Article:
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At-A-Glance Film Reviews

How Green Was My Valley (1941)



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How Green Was My Valley is remembered as the film that unjustly beat Citizen Kane to the Best Picture Oscar in one of the most ignominious (in retrospect) moments in Oscar history. This is unfortunate, because in many other years, it would have deserved the award. It stands with Stagecoach and The Searchers in representing director John Ford's best work. Certainly it is his best non-western.

The movie is an adaptation of Richard Llewellyn's novel about a Welsh coal-mining town and the difficult changes that occur as the economy and the needs of the industry fluctuate. It's perfect material for Ford, who is perhaps better than any other director at evoking the sense of passing times, forgotten virtues, and idyllic lifestyles. He lent this atmosphere to a great many of his westerns and, here, proves arguably even more effective at doing so for turn of the century Wales.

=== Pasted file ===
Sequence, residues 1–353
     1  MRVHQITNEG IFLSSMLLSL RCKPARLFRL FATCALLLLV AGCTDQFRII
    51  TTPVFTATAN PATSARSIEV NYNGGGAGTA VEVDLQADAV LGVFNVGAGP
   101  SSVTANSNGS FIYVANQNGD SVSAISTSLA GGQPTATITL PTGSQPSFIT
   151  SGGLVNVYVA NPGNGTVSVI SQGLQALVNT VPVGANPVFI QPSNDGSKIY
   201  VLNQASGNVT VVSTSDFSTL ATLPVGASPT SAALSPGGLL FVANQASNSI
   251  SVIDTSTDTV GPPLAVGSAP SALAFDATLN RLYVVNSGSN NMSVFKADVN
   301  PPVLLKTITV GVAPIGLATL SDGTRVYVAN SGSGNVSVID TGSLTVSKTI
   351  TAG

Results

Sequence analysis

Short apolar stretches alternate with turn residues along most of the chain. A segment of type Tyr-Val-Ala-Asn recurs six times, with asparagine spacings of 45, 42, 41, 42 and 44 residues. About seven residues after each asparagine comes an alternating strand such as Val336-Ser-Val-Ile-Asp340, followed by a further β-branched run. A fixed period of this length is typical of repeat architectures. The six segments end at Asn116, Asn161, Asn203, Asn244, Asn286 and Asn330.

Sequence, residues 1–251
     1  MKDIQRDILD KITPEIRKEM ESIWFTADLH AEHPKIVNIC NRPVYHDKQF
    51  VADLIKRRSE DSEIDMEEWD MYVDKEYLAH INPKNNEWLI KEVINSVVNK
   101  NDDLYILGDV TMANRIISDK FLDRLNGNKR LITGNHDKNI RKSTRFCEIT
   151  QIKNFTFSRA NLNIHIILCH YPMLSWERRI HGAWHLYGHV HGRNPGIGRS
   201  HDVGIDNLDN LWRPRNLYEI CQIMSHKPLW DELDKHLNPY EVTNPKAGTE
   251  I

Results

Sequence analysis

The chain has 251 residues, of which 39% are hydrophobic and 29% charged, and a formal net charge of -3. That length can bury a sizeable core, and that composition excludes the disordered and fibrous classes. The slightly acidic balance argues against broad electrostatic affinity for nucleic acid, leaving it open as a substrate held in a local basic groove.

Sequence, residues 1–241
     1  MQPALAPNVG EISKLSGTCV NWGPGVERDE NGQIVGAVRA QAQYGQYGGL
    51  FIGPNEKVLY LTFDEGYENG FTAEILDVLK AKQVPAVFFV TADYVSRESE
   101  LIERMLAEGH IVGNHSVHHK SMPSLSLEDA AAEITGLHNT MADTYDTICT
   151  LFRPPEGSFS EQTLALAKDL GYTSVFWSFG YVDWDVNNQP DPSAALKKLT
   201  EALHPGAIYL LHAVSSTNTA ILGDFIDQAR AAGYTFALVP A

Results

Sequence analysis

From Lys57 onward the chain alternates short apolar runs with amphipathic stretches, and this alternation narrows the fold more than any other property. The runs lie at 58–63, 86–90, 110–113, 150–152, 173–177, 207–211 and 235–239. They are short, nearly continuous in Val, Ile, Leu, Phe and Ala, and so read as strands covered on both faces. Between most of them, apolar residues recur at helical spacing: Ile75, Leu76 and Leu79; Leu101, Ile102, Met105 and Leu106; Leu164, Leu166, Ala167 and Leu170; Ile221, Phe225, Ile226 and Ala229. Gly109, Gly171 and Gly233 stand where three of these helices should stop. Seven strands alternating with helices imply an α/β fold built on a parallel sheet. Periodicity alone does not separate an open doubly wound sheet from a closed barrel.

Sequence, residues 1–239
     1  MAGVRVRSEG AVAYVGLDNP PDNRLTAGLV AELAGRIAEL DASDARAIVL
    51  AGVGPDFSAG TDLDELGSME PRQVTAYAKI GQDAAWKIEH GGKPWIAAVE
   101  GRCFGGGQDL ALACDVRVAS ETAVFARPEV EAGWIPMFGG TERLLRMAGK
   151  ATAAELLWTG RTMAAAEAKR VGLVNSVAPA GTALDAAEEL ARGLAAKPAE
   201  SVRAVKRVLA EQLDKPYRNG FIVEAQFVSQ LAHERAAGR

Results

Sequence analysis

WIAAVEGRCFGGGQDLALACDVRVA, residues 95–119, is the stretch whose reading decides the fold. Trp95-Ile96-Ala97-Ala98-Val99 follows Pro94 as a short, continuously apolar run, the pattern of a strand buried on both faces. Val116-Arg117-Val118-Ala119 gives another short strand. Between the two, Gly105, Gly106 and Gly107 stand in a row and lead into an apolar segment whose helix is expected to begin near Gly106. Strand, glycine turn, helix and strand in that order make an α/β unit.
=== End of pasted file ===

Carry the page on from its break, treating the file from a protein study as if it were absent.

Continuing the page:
This sense, however, is merely the backdrop in the emotional tapestry that makes up the film. How Green Was My Valley is rife with feeling and sentiment: where many films shoot for one or two emotions, possibly not even achieving them, this one manages humor, pathos, affection, triumph, and tragedy, just to name a few. It's heavy one moment, and light the next. Such is life, of course: in a film that spans many years in the lives of its characters, it would be short-sighted to stay focused on single emotions or plot threads. Earlier, I made a metaphor about a "tapestry." This is an apt illustration of How Green Was My Valley: in its narrative, its themes, and its depiction of the lives of its characters and the society they inhabit. It's a beautiful picture.